Baghdad, IRAQ - Senior research fellow, Brian J. Grim, paints a harrowing picture of the ongoing persecution of Iraqi Christians. The research expert on religion and world affairs with the Pew Forum on Religion & Public Life in Washington, D.C. reports that the situation for Christians in Iraq is worsening.
“It is no small irony, of course, that the Shiite majority that's now a leading force in Iraq was brutalized and suppressed under Saddam, who extensively curbed the Shiites' religious freedoms. A State Department report in 2002 said Saddam's government ‘severely restricts or bans outright many Shiite religious practices.’ One might think that those fresh memories would be enough to ensure liberties for Iraq's religious minorities today. Yet that appears not to be the case,” writes Grim in his report.
Iraqi Christians are part of historic indigenous communities that have been in what is now Iraq nearly since the time of Christ, several centuries before Islam came to the region. The majority of them are Chaldean Christians, an ancient religious group affiliated with the Roman Catholic Church.
Grim points out what's particularly devastating for Iraq's religious minorities is the lack of clear legal protections for religious freedom. Although Article 2 of the Iraqi Constitution guarantees religious freedom, it also contains what some have termed a "repugnancy clause," which states, "No law that contradicts the established provisions of Islam may be established." Because the clause does not explicitly state what the "established provisions of Islam" encompass or exclude, this opens the door for the state and the courts to become theological arbiters. As such, there are no formal avenues for religious minorities to participate in the process.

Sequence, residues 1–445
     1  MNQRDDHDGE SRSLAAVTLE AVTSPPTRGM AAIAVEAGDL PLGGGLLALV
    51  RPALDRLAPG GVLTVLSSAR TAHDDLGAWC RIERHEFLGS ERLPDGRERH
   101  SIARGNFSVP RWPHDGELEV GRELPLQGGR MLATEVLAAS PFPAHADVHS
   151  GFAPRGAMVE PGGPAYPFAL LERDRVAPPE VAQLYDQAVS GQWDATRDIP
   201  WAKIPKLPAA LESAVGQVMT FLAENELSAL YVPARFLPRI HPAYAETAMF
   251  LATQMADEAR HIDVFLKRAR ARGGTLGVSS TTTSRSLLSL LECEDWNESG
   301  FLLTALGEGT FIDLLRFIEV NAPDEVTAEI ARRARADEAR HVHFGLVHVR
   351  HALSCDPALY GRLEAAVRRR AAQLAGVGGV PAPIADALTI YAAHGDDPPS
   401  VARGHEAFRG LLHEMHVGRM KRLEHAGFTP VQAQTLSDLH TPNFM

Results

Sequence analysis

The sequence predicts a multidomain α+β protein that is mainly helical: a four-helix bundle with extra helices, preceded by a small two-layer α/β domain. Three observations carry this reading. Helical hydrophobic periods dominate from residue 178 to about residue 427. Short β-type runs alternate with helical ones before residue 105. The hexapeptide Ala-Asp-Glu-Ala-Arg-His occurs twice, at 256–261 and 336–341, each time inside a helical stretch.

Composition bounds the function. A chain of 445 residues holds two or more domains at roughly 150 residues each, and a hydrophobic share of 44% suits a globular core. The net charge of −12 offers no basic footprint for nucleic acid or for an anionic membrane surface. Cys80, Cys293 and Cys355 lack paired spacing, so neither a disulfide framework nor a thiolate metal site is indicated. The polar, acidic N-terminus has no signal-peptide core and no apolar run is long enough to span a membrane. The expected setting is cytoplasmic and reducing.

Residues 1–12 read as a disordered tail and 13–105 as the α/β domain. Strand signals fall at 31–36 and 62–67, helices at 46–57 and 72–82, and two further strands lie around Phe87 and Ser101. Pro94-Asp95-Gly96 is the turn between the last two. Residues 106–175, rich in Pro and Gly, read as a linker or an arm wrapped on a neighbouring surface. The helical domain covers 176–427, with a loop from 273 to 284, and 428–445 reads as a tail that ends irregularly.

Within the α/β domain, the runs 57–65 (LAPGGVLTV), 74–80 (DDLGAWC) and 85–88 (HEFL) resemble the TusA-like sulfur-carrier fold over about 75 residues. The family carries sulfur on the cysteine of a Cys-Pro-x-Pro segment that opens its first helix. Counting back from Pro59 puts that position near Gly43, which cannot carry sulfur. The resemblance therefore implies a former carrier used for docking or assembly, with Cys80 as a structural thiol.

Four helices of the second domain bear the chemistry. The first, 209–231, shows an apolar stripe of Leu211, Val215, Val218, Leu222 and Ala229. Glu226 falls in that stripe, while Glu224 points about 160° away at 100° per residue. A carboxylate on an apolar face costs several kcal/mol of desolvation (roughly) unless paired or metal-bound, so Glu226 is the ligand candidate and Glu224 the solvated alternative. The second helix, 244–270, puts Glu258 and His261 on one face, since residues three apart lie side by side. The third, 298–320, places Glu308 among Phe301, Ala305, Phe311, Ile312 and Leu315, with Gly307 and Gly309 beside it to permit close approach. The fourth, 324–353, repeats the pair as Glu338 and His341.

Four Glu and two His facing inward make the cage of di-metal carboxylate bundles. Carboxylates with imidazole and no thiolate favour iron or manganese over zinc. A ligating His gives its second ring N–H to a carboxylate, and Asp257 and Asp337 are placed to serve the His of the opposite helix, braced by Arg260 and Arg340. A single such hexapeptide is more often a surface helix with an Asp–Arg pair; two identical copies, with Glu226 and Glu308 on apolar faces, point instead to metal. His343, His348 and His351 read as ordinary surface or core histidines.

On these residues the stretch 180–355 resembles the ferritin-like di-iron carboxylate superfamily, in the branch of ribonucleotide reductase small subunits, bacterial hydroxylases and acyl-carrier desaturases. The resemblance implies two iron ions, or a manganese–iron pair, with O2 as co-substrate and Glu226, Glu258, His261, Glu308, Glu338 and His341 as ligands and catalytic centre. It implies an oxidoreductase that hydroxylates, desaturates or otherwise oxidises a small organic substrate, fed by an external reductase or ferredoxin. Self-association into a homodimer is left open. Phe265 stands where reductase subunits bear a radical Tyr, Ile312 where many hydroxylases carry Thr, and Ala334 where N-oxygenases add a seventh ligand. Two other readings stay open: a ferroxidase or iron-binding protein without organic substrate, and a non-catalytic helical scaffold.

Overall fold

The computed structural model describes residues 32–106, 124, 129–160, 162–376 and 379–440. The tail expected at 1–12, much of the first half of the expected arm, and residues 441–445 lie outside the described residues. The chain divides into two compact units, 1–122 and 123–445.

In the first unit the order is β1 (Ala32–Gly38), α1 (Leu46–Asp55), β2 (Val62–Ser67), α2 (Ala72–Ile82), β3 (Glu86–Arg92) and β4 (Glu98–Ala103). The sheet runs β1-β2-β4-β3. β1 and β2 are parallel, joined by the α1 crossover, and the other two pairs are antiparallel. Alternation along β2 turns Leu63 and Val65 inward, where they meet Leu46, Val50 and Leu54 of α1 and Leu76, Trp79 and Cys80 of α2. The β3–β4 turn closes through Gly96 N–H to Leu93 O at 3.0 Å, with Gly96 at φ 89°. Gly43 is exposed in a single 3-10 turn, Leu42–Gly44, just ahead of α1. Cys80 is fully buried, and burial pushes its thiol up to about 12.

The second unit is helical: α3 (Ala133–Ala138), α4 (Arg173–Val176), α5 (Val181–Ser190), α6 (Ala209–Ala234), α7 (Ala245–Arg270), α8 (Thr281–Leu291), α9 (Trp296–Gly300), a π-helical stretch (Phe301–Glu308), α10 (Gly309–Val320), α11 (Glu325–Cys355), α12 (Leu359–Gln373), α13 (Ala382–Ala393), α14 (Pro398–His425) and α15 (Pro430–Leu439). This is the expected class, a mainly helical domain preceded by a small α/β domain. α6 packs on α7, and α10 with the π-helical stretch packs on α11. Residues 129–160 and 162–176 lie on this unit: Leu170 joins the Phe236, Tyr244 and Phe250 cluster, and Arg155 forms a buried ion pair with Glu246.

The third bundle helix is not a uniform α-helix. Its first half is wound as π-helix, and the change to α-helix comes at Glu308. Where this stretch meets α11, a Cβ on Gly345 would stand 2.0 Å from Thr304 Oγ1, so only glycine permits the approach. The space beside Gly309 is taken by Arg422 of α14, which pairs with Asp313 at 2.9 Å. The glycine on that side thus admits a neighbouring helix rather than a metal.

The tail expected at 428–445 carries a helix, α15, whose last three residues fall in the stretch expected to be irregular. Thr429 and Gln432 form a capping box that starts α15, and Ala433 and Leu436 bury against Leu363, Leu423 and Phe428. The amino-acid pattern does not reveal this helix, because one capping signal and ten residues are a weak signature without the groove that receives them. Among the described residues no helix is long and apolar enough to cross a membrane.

Furthermore, Article 89 of the constitution stipulates that the Iraqi Federal Supreme Court include experts in Islamic jurisprudence, which means that the provision in Article 2 will be supported by a court system with people specifically employed to interpret Islamic law. These people can be appointed without having civil law training.
The nature and extent of the violations of religious freedom were not only severe, they also were tolerated by the government and, in some cases, committed by forces within the government. As such, a bipartisan U.S. Commission on International Religious Freedom included Iraq on a "watch list" of countries where religious liberty is severely threatened.
Religious leaders have made numerous attempts to broker resolutions. In 2007, American president George W. Bush recounted, the pontiff " was concerned that the society that was evolving (in Iraq) would not tolerate the Christian religion."
Indeed, Iraqi Christians have continued to find themselves in the cross hairs of faith-inspired violence. The worst episodes have occurred in regions with diverse ethnic and religious groups, such as Baghdad and Mosul, where the majority of Iraq's Christians live. The State Department reported last year that Muslim extremists "warned Christians living in Baghdad's Dora district to convert, leave or be killed."
Commission representatives recently visited Iraq. Among other things, they are assessing whether religious freedom is threatened due to possible collusion between Shiite militias and Iraqi government ministries, and whether the country's smallest religious minorities are being marginalized by government officials and parastate militias. If Iraqi government's culpability in violations of religious freedom continues, Iraq would join the likes of Burma, Iran, North Korea and Sudan.
The political and social consequences of this oppression will need to be addressed by the new U.S. administration, whichever party wins the White House in November. An Iraq that truly honors and protects religious freedom would be a benchmark of success that all Americans — and no doubt both parties — would applaud.